If, instead, we render these views so that the target object is drawn in an easily distinguishable (and unique) color, the rendered screen buffer may be analyzed to determine if the target object was occluded. If the object is sufficiently non-occluded, then we can consider the rendered camera position as a viable position. Other hardware-accelerated techniques may be used to determine the occlusion of the target object from each of the potential positions, including depth buffer analysis.

By exploiting the parallel nature of the graphics hardware, the cost of this determination may be significantly amortized. There are, however, some caveats to this approach. First, the setup for rendering the scene from each potential position may be prohibitive.

Second, although rendering via hardware is fast, it is certainly not free. The GPU and CPU cost may be reduced by techniques such as rendering the scene flat-shaded (i.e., no lighting), changing the view frustum to restrict the scene to only the area around the target object (including far clip plane distance), and reducing the resolution of the rendered scene.

Once we have determined which of our original potential camera positions is the most preferred, we can then calculate a path or other movement method to take the camera from its current position to the desired position. Although this technique works well in determining the position, it does not take into account geometry intervening between the current position and the desired position. Additional constraints may be applied to avoid these problems. A practical implementation of these techniques may be found in Halper.


Colliders are a variant upon the standard ray casting techniques as previously mentioned. The principle here is that the positions from which the ray casts are made are variable. Each of these positions is enclosed within a small collision volume (typically a sphere or approximated to this by another ray cast).

These position objects are referred to as colliders, since they are constrained to stay within the environment. Usually the colliders will be arranged in a particular pattern around the camera, such as a circle or semi-circle. The colliders are constantly attempting to regain their desired positions relative to the camera's ideal position as the camera moves through the environment.

The arrangement of the colliders influences how the camera will react to the environment. Each collider casts a ray toward the look-at position of the camera, or alternatively some other pre-defined point relative to the player character. The result of the ray cast is used to offset the desired position of the camera motion. The amount of influence exerted by a collider may be based on a number of factors:

  • The physical distance of the collider from the camera possibly calculated in local camera space and applied in the same manner.

  • A pre-defined influence factor per collider determined according to the position of a particular collider within the entire group.

  • The distance from each collider to the point at which its ray cast struck geometry.

  • The acceleration or velocity of the player character, possibly only in one axis depending on desired behavior (e.g., change elevation according to player speed).

Some combination of the above factors may be applied to some or all colliders. Often there are several groups of colliders, each influenced by different factors. The ways in which the influence is applied also varies, possibly using a weighted average or a centroid calculation. Some experimentation will be required according to the types of environment encountered in a particular game.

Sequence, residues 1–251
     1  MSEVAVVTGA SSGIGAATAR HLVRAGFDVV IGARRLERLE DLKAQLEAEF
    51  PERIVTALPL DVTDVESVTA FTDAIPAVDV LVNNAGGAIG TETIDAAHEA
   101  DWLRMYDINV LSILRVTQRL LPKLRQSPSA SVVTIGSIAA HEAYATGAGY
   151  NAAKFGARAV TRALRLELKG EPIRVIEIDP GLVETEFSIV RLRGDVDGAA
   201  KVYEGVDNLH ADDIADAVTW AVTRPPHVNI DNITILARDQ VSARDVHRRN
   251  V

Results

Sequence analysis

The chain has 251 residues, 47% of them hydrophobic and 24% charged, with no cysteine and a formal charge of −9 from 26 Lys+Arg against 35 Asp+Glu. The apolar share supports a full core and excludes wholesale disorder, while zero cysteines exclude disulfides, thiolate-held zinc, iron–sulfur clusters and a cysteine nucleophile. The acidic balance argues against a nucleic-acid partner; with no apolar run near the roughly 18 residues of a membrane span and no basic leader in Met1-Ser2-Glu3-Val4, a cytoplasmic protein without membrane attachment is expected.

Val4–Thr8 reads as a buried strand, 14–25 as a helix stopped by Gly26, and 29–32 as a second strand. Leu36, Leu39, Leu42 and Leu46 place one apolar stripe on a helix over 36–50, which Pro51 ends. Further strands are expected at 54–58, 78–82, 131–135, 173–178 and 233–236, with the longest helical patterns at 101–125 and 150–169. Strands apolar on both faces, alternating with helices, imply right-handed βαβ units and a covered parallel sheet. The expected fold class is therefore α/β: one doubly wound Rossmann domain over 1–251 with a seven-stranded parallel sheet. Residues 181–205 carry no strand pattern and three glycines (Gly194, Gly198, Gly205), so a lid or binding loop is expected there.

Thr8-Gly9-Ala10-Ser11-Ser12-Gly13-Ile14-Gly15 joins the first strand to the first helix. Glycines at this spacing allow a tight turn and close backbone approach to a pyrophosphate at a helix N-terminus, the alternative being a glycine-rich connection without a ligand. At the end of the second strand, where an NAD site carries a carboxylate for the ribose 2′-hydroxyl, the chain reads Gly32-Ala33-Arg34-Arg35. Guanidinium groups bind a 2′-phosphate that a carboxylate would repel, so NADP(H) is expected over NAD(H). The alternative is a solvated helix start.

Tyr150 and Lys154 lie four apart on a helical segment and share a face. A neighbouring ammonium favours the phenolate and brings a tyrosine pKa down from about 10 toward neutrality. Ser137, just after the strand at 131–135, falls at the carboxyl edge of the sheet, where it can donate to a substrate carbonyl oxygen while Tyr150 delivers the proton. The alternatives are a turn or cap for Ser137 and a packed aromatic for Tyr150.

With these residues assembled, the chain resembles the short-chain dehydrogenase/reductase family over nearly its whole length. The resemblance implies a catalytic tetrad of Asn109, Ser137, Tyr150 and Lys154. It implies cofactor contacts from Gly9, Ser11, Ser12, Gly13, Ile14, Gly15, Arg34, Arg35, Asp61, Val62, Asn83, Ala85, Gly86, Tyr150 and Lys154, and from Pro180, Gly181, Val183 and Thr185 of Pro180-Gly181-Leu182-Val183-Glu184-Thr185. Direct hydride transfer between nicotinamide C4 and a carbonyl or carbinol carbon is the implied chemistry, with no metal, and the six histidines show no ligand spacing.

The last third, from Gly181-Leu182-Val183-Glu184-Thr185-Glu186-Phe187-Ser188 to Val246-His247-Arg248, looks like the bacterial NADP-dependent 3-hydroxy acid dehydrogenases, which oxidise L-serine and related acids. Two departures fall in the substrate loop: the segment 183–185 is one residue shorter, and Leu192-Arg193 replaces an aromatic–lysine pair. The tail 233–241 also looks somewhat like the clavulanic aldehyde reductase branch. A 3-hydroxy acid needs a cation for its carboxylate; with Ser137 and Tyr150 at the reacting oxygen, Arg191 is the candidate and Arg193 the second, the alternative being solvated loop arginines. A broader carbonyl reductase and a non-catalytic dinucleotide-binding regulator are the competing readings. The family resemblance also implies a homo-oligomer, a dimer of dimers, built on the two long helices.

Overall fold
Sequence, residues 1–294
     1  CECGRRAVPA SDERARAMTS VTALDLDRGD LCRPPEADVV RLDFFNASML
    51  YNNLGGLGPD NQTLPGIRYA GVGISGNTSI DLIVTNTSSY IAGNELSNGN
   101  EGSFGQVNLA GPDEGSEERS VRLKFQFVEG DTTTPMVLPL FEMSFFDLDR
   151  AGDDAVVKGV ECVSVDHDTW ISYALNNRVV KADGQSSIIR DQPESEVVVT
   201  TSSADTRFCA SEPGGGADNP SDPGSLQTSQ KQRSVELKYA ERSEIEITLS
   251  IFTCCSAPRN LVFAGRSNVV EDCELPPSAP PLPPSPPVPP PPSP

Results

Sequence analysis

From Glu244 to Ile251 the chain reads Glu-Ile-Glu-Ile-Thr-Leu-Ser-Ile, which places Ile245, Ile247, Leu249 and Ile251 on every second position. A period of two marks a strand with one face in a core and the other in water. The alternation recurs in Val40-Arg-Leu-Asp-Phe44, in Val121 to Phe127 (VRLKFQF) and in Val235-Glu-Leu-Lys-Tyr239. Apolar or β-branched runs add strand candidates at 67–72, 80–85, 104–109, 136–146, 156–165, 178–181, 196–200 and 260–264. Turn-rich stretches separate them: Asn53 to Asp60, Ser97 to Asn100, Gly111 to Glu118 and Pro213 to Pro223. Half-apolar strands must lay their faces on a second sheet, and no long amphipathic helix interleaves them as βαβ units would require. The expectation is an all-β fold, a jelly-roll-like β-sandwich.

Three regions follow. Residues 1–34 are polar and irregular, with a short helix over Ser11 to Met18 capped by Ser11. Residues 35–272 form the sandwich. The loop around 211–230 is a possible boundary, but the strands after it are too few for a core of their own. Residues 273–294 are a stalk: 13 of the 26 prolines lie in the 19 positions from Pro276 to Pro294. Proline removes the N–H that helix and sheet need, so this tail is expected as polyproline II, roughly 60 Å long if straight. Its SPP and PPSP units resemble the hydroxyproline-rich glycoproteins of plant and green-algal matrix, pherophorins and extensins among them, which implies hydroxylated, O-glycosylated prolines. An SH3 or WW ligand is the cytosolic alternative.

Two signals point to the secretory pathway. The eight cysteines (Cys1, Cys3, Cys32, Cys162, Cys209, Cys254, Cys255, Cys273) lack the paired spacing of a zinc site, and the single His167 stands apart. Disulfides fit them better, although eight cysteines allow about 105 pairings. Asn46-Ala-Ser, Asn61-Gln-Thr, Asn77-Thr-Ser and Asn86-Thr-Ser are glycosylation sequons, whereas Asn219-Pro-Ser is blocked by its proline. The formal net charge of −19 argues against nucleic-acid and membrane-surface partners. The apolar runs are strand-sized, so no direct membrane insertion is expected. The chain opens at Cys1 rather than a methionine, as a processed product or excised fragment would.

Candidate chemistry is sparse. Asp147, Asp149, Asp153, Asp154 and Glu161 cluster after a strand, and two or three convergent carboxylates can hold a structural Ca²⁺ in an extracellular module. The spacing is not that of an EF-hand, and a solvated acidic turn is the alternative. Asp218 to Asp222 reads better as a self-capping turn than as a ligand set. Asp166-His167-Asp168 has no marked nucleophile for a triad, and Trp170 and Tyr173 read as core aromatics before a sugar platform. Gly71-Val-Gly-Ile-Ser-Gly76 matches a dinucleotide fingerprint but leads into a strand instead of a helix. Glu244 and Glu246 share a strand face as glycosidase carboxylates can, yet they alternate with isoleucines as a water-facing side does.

Differing arrangements of these colliders may be used according to the type of behavior required for the environment. Circular or semicircular arrangements are common, as are horizontal ones. The arrangement may vary according to changes in the player character, most commonly velocity.

Colliders and other ray casting techniques are susceptible to "noise" produced by ray casts that collide with incidental environmental features that should not adversely affect camera motion. Some knowledge of the environment may be used to filter out results that should not influence camera motion. Tagging of surface properties may also be used to ignore or apply a reduced influence on the camera position determination.

Alternatively, surfaces may be tagged to act as motion constraints or to otherwise prevent the camera from approaching. The arrangement of the colliders and the amount of influence each applies may require changing according to the environment properties (e.g., confined spaces, vertical columns, etc.) or game play mode (e.g., to match changing movement characteristics of the player character).


Since the arrangement of colliders may vary considerably, here is only an outline of the algorithm used to determine their influence upon the desired camera position:

stl::vector influence;
// might be useful as a class
for (int i = 0; i < colliders.size(); ++i)
influence.push_back(colliders[i].offset *
// the weighting depends on line of sight and/or
// other factors such as the relative collider
// position
// will need to get an average or similar
return GetCentroid(influence);

The arrangement of colliders will change the calculation method used to determine the average amount of influence to apply. A centroid calculation works well if the colliders are constrained to a plane, but however the final influence is calculated, it must also be applied in the same space as the collider's offsets.

Many of the problems associated with camera collision can be avoided by pre-computation of potential camera movement or by using pre-defined assistance based on knowledge of the environment (whether defined explicitly by the camera designer or otherwise automatically pre-calculated).